Table of Contents Author Guidelines Submit a Manuscript
Gastroenterology Research and Practice
Volume 2013, Article ID 636785, 13 pages
http://dx.doi.org/10.1155/2013/636785
Research Article

Dominant Fecal Microbiota in Newly Diagnosed Untreated Inflammatory Bowel Disease Patients

1Hedmark University College, 2306 Hamar, Norway
2Department of Chemistry, Biotechnology and Food Science, Norwegian University for Life Sciences, 1432 Ås, Norway
3Department of Gastroenterology, Akershus University Hospital, 1478 Lørenskog, Norway
4Department of Clinical Molecular Biology and Laboratory Sciences (EpiGen), Division of Medicine, Akershus University Hospital, University of Oslo, 0316 Oslo, Norway
5Pediatric Department, Oslo University Hospital, Ullevål, 0450 Oslo, Norway
6Medical Clinic, Oslo University Hospital, Rikshospitalet, 0372 Oslo, Norway

Received 30 April 2013; Revised 15 August 2013; Accepted 29 August 2013

Academic Editor: Akira Andoh

Copyright © 2013 Lill Therese Thorkildsen et al. This is an open access article distributed under the Creative Commons Attribution License, which permits unrestricted use, distribution, and reproduction in any medium, provided the original work is properly cited.

Supplementary Material

Suppl Table 1: R2 values illustrating the correlation between the two replicates of PCR amplification, direct sequencing and MCR analysis for one hundred stool samples.

Suppl Table 2. R2 values illustrating the correlation between the two replicates of the direct sequencing and MCR analysis for ten random PCR products.

Suppl Table 3: Composition of the clone library. The table summarizes the classification obtained in the Ribosomal Database Project II Classifier for all diagnosis groups. The classifications shown here are at the phylum, order and genus level with the confidence threshold set at 80%.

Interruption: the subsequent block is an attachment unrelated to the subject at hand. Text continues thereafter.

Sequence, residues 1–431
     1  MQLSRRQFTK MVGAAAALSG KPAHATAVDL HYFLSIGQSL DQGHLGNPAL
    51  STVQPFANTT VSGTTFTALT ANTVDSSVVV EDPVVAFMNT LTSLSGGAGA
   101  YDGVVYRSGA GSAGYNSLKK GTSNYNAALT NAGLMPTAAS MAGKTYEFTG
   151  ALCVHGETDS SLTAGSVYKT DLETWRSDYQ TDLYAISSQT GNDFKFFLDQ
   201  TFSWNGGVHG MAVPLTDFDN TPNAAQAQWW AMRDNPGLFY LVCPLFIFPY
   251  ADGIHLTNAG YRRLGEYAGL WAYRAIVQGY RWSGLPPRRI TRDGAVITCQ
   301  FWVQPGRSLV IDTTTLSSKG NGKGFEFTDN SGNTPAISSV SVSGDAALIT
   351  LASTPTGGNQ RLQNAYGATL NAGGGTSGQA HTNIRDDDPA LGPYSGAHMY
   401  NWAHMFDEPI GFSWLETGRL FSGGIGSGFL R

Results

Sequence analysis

Suppl Figure 1: Graphical illustration of the reproducibility of the method. PCR amplification of the same extracted DNA from stool samples, direct sequencing and subsequent MCR analysis was performed in replicates for all hundred stool samples. The amount of the components in replicate 1 and 2 are plotted against each other for every one of the components in separate graphs. The R2 values are shown for all components.

Suppl Figure 2: Graphical illustration of the reproducibility of the direct sequencing and MCR analysis. Direct sequencing and MCR analysis were repeated on the same PCR product for ten samples. The amount of the components in replicate 1 and 2 are plotted against each other for every one of the components in separate graphs. The R2 values are shown for all components.

Suppl Figure 3: Phylogenetic distribution of the clone library. Neighbor joining tree showing clusters of five phyla; Firmicutes, Proteobacteria, Bacteroidetes, Actinobacteria and Verrucomicrobia. Multiple alignment was performed using the MUSCLE algorithm in CLC. The tree was constructed using the online tool BioNJ at Phylogeny.fr, and further visualized and edited using Dendroscope. Bootstrap values are based on 1000 replications. Sequences marked in red are covered by probes. The sequences are named according to hits from the Ribosomal Database Project Classifier, with a confidence threshold of 80%. In addition, the diagnoses CD (Crohn’s disease), UC (Ulcerative colitis) and Con (control) as well as the ID of the samples from which the clones originated are indicated.

Suppl Figure 4: Comparison between the MCR-predicted relative amount of each component in the cloned samples and the relative amount of colonies were the component was detected. Amplified 16S rRNA gene sequences from 15 stool samples were selected for cloning based on high relative amounts of each of the five MCR predicted components.

  1. Supplementary Materials